Speaking of risks, death in NieR: Automata comes at a high price. Any experience that has been gained, modifications made to your pod unit, or inventory you’re carrying up until the point of your untimely demise remain with your corpse. Players must recover their own body in order to recover their experience and items but there are finite number of attempts that can be made in an effort to recover the corpse. Failure to reach your body and recollect your items results in them being removed from the world and lost. One interesting aspect of NieR, however, is that if a network connection is allowed, the game includes bodies of random strangers who have failed in their own games. You then have the choice to collect their corpse for a handful of rewards, or to repair their android so that it will follow you around in your own game as an AI teammate. While it was possible to stumble upon a stranger’s corpse pretty much anywhere in the world, they did appear most frequently prior to large boss fights. If you chose to collect them, you could find yourself going into battle with some helpful healing items or upgraded pod chips, or an extra pair of hands for hacking and slashing at enemies if you repaired them instead.
While NieR: Automata is primarily a 3rd person over the shoulder action adventure, Platinum Games clearly felt no reservation about shifting not just the gameplay perspective but even the entire genre of the game on a whim in order to make a point. The opening sequence, for example, jumps into bullet hell/shmup territory as 2B and a team of combat units take on a swarm of enemies in flying mech suits. Later on 9S’s hacking capabilities come into play, illustrated by a twin stick shooter sequence where players guide a small ship around a minimalistic level with cubes and spheres as enemies and objectives. For the 3rd person combat action sequences, Nier: Automata focuses on a hack and slash gameplay loop. The majority of 2B and 9S’s attacks boil down to pressing X and Y for light and heavy assaults, which can then naturally stack up to impressive and lethal combinations. The assisting pods do have the ability to fire at enemies, and can be customized to suit the player’s attack style by adding chips ranging from charged up lasers to defensive shields. Even whether the pods attack aggressively or passively is up to the player, with the ability to turn on or off auto functionality. Even 9S’s attack style can be adjusted from balanced to passive back to aggressive, to suit the style of the player.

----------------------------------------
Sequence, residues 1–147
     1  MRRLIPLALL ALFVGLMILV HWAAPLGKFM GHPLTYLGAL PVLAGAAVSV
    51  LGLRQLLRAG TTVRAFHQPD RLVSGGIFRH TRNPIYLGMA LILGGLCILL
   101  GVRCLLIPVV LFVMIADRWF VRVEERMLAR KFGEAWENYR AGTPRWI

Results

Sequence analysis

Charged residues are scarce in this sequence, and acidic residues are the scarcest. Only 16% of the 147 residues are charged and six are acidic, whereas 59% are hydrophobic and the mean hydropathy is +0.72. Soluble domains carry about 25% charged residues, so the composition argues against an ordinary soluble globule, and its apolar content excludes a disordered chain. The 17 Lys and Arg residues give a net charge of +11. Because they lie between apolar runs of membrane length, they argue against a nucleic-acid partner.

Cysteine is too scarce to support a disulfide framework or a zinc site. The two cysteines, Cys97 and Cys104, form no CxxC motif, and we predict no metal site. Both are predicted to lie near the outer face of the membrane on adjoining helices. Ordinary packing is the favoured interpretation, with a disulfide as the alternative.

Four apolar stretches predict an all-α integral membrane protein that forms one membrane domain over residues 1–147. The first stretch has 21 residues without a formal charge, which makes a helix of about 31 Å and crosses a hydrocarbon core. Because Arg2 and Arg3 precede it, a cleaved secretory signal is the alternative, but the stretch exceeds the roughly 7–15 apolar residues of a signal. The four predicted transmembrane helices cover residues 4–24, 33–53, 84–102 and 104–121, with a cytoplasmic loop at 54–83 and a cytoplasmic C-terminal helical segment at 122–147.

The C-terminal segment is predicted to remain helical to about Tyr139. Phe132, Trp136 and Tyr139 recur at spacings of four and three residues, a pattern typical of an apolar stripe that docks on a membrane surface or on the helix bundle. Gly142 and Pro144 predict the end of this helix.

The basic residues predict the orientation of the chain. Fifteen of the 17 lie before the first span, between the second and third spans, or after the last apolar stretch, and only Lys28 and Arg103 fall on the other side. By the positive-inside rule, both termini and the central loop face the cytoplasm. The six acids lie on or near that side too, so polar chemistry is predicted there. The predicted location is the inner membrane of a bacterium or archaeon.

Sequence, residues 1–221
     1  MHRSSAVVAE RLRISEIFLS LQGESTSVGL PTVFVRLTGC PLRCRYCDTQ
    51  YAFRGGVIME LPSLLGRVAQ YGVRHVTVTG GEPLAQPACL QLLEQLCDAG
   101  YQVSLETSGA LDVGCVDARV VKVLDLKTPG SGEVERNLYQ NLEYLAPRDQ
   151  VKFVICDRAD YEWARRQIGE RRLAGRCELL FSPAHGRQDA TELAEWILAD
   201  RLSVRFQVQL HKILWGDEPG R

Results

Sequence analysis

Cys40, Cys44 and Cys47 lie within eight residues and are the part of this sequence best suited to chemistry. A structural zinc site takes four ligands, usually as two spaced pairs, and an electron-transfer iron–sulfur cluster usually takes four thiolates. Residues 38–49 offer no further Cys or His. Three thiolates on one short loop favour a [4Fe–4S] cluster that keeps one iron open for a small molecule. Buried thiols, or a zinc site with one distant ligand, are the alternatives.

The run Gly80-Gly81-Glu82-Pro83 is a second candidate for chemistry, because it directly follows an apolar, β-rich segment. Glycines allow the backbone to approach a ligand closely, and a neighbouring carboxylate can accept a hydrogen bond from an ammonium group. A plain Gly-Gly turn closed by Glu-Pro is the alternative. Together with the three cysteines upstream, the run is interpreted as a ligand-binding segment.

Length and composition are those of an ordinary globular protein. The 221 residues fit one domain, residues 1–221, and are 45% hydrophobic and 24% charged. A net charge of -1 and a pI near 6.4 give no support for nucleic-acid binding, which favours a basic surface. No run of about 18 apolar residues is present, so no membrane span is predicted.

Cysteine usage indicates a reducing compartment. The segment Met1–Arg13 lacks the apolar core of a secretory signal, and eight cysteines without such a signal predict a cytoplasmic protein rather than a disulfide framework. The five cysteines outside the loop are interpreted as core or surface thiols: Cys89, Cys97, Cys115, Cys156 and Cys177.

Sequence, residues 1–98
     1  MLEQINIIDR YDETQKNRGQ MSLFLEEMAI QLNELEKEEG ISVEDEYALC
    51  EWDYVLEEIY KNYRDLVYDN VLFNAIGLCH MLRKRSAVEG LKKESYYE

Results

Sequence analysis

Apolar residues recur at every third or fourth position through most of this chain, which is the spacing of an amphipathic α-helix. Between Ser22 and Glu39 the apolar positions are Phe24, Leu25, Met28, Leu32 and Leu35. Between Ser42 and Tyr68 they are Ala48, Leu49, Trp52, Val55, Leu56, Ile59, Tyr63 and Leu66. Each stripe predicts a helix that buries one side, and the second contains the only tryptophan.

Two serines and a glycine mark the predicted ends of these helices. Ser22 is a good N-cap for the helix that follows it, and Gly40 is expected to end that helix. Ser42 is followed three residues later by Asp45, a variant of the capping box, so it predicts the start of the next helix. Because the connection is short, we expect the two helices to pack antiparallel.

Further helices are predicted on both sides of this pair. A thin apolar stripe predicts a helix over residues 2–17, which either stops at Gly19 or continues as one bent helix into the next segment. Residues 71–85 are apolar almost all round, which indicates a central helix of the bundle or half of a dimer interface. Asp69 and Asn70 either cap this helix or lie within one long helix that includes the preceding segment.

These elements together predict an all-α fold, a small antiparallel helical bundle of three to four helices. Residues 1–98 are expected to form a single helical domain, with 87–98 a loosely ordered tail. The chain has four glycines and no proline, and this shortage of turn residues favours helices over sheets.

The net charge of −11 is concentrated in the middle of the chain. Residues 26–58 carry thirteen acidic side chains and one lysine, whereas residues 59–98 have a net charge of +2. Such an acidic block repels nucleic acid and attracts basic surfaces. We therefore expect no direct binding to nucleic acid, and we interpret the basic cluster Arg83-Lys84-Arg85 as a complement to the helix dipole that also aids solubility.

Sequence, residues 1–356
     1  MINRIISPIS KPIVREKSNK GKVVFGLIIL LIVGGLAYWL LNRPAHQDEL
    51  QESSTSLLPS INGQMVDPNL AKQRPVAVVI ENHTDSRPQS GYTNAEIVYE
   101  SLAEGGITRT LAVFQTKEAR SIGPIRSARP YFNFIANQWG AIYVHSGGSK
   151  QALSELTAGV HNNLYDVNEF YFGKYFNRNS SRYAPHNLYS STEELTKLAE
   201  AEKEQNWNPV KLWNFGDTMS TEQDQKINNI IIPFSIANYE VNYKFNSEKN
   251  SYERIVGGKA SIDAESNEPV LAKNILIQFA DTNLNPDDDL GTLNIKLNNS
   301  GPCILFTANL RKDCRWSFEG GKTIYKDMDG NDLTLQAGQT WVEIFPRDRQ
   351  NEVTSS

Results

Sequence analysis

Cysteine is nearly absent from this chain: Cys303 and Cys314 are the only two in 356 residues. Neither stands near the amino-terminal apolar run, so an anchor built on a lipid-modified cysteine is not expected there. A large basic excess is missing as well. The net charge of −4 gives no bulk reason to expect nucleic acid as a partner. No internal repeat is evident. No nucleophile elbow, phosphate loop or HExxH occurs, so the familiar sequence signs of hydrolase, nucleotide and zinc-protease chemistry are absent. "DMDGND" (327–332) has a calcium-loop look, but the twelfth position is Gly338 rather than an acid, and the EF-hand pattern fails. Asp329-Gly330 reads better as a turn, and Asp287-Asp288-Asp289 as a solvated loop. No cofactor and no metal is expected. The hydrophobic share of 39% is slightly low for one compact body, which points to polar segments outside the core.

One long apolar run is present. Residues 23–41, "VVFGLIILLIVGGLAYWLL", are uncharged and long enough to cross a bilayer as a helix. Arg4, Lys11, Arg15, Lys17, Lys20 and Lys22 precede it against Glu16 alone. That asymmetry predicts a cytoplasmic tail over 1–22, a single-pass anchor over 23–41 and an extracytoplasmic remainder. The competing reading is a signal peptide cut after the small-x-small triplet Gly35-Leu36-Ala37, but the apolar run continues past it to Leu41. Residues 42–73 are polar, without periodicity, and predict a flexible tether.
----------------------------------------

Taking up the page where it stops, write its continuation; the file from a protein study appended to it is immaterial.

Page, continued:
The first playthrough of NieR: Automata is impressive in its own right, easily totaling up to 30 or more hours if you’re gung ho enough to complete the side quests, and there are plenty of players who will find themselves completely satisfied with the ending they’ll attain. Others, however, will find themselves with more questions than answers. It is not until the subsequent playthroughs (yes, that’s playthroughs with an S.) that they’ll find what they’re looking for in the story. Some could even argue that the first playthrough of Nier is merely just an appetizer, and that the truly eccentric storytelling doesn’t begin until we experience the world through 9S’s eyes. While some aspects of subsequent playthroughs are stitched over and repetitive of the base storyline, there are enough variations to the overall story to keep things fresh with each replay. Platinum Games were also kind enough to include a chapter select option so that players can choose specific areas they want to replay in order to obtain different endings.
NieR: Automata performs beautifully on Xbox (and for the sake of this review was played on an Xbox One S) with stable frame rates and not a single instance of the game crashing. Unfortunately, though, there are some issues with the HDR implementation. With HDR on, some scenes were horribly washed out with excessive brightness, and areas where there was heavy contrast between foregrounds and backgrounds suffered even more so. This was even noticeable with screenshots taken in game. Hopefully a patch can smooth this out in the future, as the world of Nier is jaw droppingly beautiful and the desire to take screenshots of 2B and 9S on a roller coaster without pants can not be denied.
Oh, did I forget to mention that you can choose to have the characters forgo pants? Xbox live does track how many times you attempt to look up 2B’s skirt, as well as how long your characters are pantless, meaning you may have some explaining to do if your friends go poking around in your NieR: Automata stats.